Jerôme Inen (1965) started playing tennis in 1981, the last year Borg and McEnroe met in the Wimbledon-finals. Jerôme is originally a journalist and a writer. He wrote, amongst others, for the Dutch daily De Volkskrant, the magazines Intermediair and Vrij Nederland, and published two novels (Zomergriep, 2001, Het Bos, 2003)
In 2003 he switched to teaching. He became a certified tenniscoach and started teaching both tennis and Dutch writing at the New School for Information Services in Amsterdam (www.thenewschool.nl) .
From that moment on, he started exploring the question: why do so many people feel frustrated and angry when they try to learn something? Is it their own fault? Is it the teachers fault? Or is the way we learn and teach fundamentally wrong?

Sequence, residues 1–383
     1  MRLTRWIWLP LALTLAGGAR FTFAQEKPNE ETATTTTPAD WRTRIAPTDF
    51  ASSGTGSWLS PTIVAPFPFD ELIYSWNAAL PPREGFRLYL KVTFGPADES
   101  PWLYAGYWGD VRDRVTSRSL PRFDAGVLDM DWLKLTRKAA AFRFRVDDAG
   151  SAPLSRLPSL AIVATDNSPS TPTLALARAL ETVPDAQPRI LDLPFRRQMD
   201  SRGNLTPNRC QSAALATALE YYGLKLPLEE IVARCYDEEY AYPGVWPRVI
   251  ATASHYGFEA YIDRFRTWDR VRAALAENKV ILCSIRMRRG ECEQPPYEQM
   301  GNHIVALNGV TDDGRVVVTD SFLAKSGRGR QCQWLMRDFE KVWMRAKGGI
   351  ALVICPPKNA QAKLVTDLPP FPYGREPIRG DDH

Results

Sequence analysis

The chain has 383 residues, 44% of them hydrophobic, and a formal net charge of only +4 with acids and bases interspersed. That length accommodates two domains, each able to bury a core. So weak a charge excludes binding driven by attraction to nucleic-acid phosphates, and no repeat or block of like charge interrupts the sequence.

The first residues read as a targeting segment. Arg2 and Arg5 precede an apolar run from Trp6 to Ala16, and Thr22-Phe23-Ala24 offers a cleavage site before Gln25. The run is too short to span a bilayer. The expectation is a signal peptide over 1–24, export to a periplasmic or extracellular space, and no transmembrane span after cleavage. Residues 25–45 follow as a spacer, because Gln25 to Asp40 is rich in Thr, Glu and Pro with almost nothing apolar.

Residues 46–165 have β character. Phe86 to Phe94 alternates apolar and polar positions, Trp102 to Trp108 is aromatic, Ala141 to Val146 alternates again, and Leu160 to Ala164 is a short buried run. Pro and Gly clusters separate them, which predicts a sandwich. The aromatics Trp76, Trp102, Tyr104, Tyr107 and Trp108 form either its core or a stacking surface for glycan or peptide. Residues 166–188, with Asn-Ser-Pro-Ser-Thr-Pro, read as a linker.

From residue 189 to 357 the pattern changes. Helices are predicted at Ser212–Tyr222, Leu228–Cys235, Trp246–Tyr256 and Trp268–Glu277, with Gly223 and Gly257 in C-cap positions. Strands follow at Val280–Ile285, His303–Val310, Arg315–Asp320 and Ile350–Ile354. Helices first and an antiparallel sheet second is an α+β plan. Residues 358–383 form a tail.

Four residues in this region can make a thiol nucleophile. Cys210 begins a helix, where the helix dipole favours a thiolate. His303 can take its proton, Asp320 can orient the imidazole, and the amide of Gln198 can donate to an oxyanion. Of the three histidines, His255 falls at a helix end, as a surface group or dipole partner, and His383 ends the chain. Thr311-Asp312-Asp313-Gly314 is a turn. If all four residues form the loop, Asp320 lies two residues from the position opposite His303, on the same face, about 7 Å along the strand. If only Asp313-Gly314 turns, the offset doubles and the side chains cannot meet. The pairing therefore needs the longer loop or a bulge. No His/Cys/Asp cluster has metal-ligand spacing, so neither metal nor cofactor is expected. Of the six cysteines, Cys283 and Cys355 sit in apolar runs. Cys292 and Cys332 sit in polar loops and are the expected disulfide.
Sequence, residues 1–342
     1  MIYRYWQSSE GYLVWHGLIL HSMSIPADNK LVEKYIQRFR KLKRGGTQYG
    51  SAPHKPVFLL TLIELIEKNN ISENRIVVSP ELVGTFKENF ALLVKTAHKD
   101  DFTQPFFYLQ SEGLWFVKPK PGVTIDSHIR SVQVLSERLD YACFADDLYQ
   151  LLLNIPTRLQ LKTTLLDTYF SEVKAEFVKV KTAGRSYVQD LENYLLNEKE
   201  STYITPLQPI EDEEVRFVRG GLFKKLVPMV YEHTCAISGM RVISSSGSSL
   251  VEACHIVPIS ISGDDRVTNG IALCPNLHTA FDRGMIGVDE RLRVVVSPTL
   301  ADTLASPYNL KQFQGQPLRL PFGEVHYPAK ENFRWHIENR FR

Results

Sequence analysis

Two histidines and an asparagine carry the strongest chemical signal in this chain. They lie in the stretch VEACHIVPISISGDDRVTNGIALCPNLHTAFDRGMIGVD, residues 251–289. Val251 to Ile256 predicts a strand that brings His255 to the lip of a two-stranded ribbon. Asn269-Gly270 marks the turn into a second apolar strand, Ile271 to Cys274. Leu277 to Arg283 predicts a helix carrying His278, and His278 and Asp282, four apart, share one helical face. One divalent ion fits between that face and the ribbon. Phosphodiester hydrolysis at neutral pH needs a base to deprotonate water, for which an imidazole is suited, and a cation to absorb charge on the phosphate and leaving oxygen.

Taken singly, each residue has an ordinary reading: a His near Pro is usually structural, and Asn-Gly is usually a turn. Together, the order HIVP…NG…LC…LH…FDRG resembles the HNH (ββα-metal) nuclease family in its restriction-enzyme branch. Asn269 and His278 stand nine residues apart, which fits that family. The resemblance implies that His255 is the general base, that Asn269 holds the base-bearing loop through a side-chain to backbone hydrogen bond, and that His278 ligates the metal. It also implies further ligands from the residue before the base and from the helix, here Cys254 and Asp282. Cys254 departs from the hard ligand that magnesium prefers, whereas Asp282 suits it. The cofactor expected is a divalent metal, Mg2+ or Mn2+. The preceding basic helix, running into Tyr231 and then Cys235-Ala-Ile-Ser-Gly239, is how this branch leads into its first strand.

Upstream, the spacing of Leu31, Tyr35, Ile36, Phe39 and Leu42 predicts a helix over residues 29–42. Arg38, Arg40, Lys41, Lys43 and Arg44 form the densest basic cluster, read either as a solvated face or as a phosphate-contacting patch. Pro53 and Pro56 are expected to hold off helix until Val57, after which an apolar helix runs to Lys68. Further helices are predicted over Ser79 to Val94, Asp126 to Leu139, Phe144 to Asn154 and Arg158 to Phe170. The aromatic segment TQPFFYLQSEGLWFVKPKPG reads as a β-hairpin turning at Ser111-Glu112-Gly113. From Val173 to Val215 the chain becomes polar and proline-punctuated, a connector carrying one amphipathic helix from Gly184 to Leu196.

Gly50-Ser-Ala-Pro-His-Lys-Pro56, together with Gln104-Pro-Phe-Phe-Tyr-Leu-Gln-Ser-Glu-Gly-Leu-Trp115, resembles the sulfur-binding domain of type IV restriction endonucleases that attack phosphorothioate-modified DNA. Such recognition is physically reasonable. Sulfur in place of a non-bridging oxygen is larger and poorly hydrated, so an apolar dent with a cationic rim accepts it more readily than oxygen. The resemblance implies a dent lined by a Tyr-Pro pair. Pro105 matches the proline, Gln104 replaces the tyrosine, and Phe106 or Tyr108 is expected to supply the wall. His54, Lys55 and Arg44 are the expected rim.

Jerôme: ‘Traditional learning – in tennis and in most of all disciplines – is looking from the outside in. It is done primarily from the perspective of an instructor who has an ‘ideal form’ the student has to emulate. Student themselves then start to look at themselves the same way: as if they are their own driving instructor. Left, right, turn!
‘I’ve learned tennis the same way – and it is not the right way! Lijftennis is my attempt to show other people a way to learn quicker, with better results and less frustration. If I have one message: don’t copy others, play and learn from your own body and perspective!’